5. I was in full-blown puberty around 11 or 12. I thought that was normal?

    1. For women yes, for men it is later. Hard to tell from your name/ picture which you are, but assuming you are a woman based on your comment!

  6. Saying you’re “addicted to carbs” is like saying you’re “addicted to air.” Your body absolutely needs glucose to function every single day. They are absolutely crucial for a healthy metabolism, let alone a healthy digestive system. Your gut microbes outnumber your own body’s cells 10 to 1, and they need healthy, fermentable carbohydrate to function. Going unnecessarily low carb constantly is a great way to ensure healthy bacteria die off and pathogens overtake your digestive system, leading to allergies, food intolerances and poor glucose control. Eating lots of healthy, fermentable carbohydrate from whole foods is crucial to ward off allergies, food intolerances and remaining insulin sensitive.

    That being said, there is a huge difference between real food and refined garbage. Just make sure to get your carbs from real food, like potatoes, sweet potatoes, plantains, fruits, honey, etc. Y’all know the drill. Your body cries out for carbs because it needs them. Carbs are better at producing ATP than fats, so that’s why they better fuel workouts. Healthy fats certainly have their place in a diet, but carbs are more efficient than fats and it’s why your body prefers to metabolize them. Embrace them.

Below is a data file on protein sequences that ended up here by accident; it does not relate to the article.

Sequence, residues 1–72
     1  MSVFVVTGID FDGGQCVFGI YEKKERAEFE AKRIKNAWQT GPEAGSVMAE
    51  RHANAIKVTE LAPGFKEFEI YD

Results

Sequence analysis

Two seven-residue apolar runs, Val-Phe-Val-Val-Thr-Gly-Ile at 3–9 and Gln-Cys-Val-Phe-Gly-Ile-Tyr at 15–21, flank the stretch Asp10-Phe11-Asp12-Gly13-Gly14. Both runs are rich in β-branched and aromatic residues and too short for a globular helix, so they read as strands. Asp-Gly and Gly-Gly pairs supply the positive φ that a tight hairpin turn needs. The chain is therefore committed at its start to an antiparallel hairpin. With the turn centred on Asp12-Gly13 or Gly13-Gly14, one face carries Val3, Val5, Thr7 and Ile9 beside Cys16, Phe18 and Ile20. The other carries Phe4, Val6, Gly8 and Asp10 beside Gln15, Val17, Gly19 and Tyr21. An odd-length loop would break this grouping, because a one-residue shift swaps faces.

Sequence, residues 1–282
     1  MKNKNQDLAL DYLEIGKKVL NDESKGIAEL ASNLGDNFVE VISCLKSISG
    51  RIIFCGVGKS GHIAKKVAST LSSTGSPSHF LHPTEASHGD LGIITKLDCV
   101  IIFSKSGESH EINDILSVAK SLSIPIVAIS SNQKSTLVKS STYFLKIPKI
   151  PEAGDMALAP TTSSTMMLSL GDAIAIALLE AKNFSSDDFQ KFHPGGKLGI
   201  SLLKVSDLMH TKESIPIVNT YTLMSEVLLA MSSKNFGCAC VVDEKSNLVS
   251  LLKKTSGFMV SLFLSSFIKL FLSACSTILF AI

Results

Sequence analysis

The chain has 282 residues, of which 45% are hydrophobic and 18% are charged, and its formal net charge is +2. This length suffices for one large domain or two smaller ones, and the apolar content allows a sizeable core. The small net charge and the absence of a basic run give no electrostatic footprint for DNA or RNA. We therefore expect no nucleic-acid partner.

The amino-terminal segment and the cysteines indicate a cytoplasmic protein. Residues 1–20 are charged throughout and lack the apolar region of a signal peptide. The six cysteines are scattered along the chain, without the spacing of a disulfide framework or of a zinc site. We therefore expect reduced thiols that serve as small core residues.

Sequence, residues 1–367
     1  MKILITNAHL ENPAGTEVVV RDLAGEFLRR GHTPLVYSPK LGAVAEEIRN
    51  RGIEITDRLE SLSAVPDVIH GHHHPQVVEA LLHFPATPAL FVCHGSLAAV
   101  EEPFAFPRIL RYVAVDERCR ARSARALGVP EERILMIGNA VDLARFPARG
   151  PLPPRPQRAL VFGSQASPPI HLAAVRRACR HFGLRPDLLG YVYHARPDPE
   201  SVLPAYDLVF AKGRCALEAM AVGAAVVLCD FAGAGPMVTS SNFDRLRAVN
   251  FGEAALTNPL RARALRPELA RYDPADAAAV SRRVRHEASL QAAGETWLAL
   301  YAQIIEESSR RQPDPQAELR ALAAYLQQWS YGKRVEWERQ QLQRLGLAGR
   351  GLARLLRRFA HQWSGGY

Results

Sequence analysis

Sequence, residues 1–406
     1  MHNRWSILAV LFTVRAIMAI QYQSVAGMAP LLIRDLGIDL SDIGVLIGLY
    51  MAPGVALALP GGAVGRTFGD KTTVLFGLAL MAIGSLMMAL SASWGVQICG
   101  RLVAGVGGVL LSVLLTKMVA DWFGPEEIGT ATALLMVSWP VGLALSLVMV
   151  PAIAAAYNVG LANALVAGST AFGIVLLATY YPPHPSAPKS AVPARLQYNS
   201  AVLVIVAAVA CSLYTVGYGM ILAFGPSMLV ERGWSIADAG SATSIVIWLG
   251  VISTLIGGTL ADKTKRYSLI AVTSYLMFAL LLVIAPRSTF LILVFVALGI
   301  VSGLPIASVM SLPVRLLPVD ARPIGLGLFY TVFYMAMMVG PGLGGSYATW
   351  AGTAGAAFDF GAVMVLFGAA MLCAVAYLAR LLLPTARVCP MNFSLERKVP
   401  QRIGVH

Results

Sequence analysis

1. Carbs can be made from protein. The Inuit must be from outer space. Longevity in mice studies based on calorie restriction may be more to do with insulin secretion over a lifetime: than calories alone. I eat carbs, they taste good and are cheap. I try and keep them low(ish) because I am overweight and (let’s say 32.5% on Marks examples) they give me indigestion (and I have other problems that are reputed to be carb created). Just sayin’.